For the last few months I have been a reluctant local observer to a pointless ‘rebranding’ exercise. In the last few days the noise from empty heads stopped and the ‘product’ was launched at a glitzy private reception.
It would be too cruel to identify it. Suffice to say it flopped within 10 minutes but the self-obsessed marketers were too dumb to notice the sniggering of their guests, many of whom were present by compulsion rather than choice. Seriously (or should that be “not so seriously”?), I was laughing so hard I had to sneak out after less than half an hour of the most ill-advised antics since 1980’s rock stars (allegedly) served coke on the shaven heads of dwarfs.
As I said to some real creative friends elsewhere that night, “Now I know what David St. Hubbins and Nigel Tufnel did when Spinal Tap broke up.” Yes, it was that bad, and at least one screw-up was eerily similar to the ‘
Stonehenge’ cock-up in that classic send-up of naff arty types with delusions of adequacy.
Many months back, I had visions of what we might be in for when I accidentally discovered that the chumps trousering a six figure consultancy fee were led by someone who insisted on being called Binky, who appeared to have graduated from Cheltenham Ladies College circa 1970, dropped some bad acid and lived off the commissions of fellow rich inbreeds ever since.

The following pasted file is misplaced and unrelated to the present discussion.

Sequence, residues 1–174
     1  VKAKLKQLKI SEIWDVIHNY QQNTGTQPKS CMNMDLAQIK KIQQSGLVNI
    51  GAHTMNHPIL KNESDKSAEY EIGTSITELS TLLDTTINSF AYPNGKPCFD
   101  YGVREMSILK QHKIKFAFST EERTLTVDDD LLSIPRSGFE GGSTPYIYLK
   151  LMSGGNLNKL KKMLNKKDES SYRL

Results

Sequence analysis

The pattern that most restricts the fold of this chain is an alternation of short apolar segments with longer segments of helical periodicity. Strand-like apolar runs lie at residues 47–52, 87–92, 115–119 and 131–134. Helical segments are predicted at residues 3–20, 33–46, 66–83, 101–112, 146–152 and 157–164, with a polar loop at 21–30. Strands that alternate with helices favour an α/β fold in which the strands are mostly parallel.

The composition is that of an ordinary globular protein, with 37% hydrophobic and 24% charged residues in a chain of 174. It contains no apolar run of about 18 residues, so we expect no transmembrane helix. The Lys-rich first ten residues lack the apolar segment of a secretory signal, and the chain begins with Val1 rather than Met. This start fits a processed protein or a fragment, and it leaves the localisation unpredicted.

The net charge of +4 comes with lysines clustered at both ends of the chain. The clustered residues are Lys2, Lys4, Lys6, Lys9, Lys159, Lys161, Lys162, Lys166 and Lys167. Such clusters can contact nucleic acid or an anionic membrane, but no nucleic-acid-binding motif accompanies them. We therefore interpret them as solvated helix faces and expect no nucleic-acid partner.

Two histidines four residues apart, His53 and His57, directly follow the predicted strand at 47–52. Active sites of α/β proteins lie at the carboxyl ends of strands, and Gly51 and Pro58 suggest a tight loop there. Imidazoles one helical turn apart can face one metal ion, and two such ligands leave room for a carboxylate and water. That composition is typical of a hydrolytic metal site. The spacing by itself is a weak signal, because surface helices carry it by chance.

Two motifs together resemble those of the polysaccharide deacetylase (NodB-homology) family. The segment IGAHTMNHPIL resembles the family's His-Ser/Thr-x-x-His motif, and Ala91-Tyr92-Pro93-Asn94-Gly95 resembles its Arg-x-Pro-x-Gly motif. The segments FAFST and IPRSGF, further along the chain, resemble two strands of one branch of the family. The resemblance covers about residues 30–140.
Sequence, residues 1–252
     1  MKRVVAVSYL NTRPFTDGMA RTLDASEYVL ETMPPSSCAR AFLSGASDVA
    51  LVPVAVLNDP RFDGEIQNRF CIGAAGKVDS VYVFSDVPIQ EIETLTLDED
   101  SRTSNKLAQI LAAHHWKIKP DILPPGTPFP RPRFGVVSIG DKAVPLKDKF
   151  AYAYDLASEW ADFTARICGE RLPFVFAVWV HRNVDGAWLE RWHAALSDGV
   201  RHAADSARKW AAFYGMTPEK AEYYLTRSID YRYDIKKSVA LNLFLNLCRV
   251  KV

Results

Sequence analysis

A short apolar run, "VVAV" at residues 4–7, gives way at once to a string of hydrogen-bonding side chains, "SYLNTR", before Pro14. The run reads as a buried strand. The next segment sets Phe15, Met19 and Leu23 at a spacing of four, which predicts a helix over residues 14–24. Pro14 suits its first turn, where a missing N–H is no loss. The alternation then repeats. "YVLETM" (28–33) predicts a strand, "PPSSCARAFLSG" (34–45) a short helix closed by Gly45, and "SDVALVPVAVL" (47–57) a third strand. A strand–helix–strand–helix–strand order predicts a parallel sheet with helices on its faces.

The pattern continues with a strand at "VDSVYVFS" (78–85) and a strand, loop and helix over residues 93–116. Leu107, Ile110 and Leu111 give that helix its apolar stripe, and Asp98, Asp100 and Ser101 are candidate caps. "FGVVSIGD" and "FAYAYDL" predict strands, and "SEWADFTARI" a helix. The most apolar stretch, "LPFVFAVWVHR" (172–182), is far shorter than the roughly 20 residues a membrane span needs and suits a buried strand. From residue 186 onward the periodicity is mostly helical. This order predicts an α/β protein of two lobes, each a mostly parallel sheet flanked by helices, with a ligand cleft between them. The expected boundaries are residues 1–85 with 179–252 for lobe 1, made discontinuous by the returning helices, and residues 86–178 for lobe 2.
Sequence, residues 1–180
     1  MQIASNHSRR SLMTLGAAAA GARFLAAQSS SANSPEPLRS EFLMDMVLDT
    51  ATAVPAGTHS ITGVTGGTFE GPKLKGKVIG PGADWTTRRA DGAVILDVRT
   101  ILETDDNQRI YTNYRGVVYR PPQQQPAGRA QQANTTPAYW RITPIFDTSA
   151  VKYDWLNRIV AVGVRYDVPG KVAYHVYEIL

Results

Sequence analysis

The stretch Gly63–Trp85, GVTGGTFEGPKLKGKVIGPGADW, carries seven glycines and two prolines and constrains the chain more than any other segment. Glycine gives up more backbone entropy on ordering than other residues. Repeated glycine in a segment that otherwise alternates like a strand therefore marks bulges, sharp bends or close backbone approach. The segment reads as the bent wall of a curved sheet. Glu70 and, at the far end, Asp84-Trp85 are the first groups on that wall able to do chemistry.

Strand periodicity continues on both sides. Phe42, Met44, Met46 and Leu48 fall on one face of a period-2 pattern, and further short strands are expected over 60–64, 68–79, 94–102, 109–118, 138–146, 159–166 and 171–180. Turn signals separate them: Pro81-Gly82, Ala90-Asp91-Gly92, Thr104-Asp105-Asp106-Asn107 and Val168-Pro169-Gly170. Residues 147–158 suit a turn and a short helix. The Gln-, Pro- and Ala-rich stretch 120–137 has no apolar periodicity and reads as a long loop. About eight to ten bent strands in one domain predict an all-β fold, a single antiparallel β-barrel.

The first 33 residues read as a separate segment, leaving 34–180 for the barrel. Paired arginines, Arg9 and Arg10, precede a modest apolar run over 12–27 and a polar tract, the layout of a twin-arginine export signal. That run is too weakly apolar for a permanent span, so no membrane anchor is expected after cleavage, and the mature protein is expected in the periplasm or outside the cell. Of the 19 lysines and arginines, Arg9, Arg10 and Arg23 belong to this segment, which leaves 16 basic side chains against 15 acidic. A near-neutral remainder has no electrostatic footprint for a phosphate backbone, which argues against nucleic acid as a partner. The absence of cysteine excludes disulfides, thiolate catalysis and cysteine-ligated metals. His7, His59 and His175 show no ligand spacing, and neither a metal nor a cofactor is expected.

It never ceases to amaze me how expensively educated people can have nothing but belly-fluff where most people keep their brain cells. I was around folk like Bill Drummond and Tony Wilson when they were starting out. I enjoyed myself, and I have a real soft spot for eccentrics and mavericks. But that was 30 years ago, and they were working on a shoestring and investing all they had.
Dipshit corporate ‘characters’ who risk only the family lives of real people are another matter. And anyway, while the business world talks vapidly of ‘edginess’ or ‘thinking outside the box’ the council estate all-or-nothing visionaries I loved, laughed and learnt with were simply not constrained by a box which only exists as a sort of collective hallucination.
Another thing you notice on these occasions is that, sadly, most of the brightest, most interesting people on the island are working for peanuts in the hospitality industry. More accurately, serving peanuts to clueless wasters who were lucky enough to be born here, or to be the offspring of economic refugees from emergent democracies.
It was like that back in 1983, when I first arrived here. These days the nationalities have changed but the pay has not, and the working conditions have got worse.
I hope those bright and beautiful wage slaves go on to better things, because they deserve it. But like me, at least for now they can laugh at naff products spawned by the stunted imagination of those employing them for less-than-minimum wages.